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Disrupting from Within: Allergan’s Digital Journey

An Interview with Brent Saunders

12 junho 2019 By Christine Barton

The pharmaceutical industry is undergoing wholesale change, beset by challenges that show no signs of letting up: takeovers and acquisitions, the constant pressure to innovate, and heavy regulation.

In the arc of his career in the industry, Brent Saunders has not shied away from tackling major challenges head on. He has made bold moves at the helm of some of the world’s major consumer and pharmaceutical companies. In the past decade, his deal-making acumen resulted in his being named CEO of Actavis Generics. After Actavis took over Allergan, he became CEO of the newly formed company.

These days, Saunders spends his time just as preoccupied with transforming Allergan from the inside out as dealing with the external forces that are reshaping the industry.

He recently sat down with Christine Barton, a BCG senior partner who has a wealth of experience in consumer products.

Brent Saunders

At a Glance

Born February 6, 1970

Education

MBA, Fox School of Business and Management, Temple University

JD, James E. Beasley School of Law, Temple University

BA, University of Pittsburgh

Career Highlights

2014–present, Allergan, chairman, president, and CEO

2010–2013, Bausch + Lomb, CEO

2003–2009, Schering-Plough, Global Consumer Health Care, president

1999–2003, PricewaterhouseCoopers, partner

Outside Activities

Golf

College basketball spectator

Brent, thanks for talking with us again today. What got you thinking that you might need to change your traditional business model, which had been based on relationships with doctors, and include more conversations directly with consumers?

It was a combination of two facts. First, the penetration of medical aesthetics: we have been at roughly 10% penetration of the addressable market for several years. Second, the fastest-growing customer segment is the millennial.

The medical-aesthetic provider is still the absolute centerpiece of how we think about this business, but if we can expand the market by talking directly to the millennial or to the consumer, boy, maybe we can change the whole dynamic and make that penetration rate go from 10 to 12 or 12 to 15 and ultimately get to where we should be, which is somewhere in the 20s.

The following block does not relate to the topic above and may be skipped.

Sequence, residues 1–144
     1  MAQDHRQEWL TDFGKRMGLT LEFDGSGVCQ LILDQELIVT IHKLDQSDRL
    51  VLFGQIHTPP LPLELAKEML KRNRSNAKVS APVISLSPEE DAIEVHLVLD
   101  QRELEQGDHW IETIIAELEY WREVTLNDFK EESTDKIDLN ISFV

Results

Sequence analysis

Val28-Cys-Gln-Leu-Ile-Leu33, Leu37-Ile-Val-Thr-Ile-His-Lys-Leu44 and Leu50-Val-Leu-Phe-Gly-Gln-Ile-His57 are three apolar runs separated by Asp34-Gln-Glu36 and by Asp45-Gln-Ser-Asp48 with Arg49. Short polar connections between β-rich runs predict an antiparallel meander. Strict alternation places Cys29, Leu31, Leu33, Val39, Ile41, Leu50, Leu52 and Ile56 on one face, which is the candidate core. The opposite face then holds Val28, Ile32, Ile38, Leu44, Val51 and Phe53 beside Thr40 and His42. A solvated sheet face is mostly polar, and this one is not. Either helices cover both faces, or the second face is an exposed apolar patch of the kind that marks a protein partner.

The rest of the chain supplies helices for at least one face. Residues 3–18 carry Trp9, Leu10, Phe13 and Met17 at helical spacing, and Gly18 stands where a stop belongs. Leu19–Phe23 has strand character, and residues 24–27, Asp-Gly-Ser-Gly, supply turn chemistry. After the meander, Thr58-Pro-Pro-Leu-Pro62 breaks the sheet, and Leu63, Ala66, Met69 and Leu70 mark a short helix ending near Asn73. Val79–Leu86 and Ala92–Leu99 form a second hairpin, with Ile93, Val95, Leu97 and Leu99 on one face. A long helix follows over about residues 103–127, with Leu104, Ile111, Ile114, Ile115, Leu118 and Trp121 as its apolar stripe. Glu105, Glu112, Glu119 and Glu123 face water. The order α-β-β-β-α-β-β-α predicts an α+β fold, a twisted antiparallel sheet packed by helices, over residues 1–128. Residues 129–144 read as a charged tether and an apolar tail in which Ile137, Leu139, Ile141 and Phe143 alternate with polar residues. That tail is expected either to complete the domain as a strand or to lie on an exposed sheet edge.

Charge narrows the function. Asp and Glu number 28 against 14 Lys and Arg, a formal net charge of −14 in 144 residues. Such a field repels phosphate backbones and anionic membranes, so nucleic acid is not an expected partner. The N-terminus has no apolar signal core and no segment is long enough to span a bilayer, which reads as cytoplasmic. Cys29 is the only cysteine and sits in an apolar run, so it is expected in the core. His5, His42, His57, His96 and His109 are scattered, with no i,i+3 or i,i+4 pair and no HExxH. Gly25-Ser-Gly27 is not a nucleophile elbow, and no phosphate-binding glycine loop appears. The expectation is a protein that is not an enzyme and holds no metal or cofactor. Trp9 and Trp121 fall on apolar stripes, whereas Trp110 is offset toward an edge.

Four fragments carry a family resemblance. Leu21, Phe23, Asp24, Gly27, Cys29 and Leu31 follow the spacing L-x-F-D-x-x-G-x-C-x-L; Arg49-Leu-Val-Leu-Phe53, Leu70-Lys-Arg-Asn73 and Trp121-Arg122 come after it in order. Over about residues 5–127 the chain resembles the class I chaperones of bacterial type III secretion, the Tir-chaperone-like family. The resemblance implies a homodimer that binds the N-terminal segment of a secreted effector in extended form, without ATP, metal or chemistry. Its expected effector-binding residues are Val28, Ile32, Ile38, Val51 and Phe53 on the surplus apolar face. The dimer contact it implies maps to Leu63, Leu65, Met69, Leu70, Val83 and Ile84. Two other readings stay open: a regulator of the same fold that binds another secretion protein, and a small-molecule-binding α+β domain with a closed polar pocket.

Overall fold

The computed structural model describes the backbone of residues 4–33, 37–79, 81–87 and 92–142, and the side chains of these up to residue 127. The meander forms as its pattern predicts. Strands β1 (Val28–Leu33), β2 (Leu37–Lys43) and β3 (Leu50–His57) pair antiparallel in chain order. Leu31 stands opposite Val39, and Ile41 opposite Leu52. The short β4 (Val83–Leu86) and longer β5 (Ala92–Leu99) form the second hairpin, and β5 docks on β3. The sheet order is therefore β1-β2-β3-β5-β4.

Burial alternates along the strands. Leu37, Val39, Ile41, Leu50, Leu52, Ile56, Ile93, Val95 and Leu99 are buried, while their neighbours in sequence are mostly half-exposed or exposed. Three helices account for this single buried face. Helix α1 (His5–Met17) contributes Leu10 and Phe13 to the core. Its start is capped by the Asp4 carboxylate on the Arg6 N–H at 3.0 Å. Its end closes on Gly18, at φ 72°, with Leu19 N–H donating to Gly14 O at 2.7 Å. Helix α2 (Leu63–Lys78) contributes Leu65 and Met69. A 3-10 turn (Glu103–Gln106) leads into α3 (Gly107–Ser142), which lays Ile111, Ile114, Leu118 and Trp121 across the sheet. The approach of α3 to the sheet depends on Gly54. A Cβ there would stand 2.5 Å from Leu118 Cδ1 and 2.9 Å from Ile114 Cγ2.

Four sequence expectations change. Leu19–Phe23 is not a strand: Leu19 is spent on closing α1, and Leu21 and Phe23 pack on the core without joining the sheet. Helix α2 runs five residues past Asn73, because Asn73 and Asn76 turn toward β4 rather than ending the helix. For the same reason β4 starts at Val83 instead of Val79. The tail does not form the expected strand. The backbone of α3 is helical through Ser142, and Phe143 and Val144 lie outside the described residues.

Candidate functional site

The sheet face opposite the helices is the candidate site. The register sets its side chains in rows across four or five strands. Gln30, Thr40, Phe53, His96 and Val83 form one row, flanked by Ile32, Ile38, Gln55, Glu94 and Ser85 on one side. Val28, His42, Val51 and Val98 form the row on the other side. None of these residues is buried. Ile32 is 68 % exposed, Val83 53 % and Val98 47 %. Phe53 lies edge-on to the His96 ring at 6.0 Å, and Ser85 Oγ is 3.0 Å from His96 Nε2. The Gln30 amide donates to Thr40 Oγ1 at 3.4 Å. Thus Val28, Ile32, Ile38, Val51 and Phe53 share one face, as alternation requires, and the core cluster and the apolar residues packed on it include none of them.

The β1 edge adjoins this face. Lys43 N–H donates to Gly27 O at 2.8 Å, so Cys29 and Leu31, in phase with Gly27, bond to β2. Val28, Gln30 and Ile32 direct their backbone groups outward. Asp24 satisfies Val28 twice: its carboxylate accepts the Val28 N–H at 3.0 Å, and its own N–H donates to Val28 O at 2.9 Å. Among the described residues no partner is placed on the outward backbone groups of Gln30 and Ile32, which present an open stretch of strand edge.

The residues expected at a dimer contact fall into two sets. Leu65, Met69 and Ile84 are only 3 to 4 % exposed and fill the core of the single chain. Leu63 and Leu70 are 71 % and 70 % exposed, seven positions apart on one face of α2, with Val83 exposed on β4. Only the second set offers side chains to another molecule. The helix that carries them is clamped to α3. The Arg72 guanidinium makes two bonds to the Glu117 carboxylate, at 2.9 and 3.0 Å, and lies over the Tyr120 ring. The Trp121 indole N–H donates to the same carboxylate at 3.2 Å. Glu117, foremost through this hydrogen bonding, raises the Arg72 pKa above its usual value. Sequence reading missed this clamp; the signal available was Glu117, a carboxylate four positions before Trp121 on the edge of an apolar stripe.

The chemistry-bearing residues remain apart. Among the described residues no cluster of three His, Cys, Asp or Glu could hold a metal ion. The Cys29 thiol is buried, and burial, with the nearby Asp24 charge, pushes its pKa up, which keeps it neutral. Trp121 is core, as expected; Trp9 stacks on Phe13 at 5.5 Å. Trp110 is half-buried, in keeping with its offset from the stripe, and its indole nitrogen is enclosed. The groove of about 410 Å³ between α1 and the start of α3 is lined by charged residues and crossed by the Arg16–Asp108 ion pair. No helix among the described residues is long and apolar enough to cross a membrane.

I’m wondering whether there was a particular moment when you thought, We need to do something truly new.

I’ve always been a fan of looking at how market leaders get disrupted. I was the CEO of Bausch + Lomb, so I lived and worked in Rochester, New York, for a while. I was there to watch the classic example: Kodak missing digital. It’s fresh in my mind all the time. As a leader in medical aesthetics, I said to our team, How would someone disrupt us? Let’s all get together, take a couple of days off, and really brainstorm. If we were going to disrupt ourselves, how would we do it?

A lot of ideas came from that, but probably the most important was digital transformation. We said, All right, let’s try to disrupt our own business ourselves. Let’s set up a new group and use that group to disrupt our existing group. And then we’ll bring both groups together to be collaborators and colleagues.

What has been your personal role in the digital transformation?

I think a CEO has to lead by example. Regardless of the type of initiative you’re undertaking. I believe it’s my responsibility to educate myself. To understand how these tools work—the benefits, the risks, the opportunities.

What is the role of digital in your overall strategy?

We’re using the digitization of our medical aesthetics as a learning laboratory for our other businesses. As we get smarter and stronger and build our capabilities and our talent, we’ll be able to apply advances across all of Allergan.

In what other ways are your digital endeavors different from what other pharma companies may be doing?

We sourced amazing talent from outside the biopharmaceutical industry. We got people who had been in digital startups and digital retail businesses and had worked in very consumer-oriented brands. We got digital engineers. And data engineers.

We put them in their own offices in their own cities, and we asked them to come up with these disruptive platforms.

What results has your digital strategy achieved so far?

What we’re seeing is that when we speak to our customers directly through digital platforms, they respond. They react. They want to look for information about treatments, our products, and the providers on these platforms. It’s almost like, if we weren’t there, we wouldn’t be at the party.

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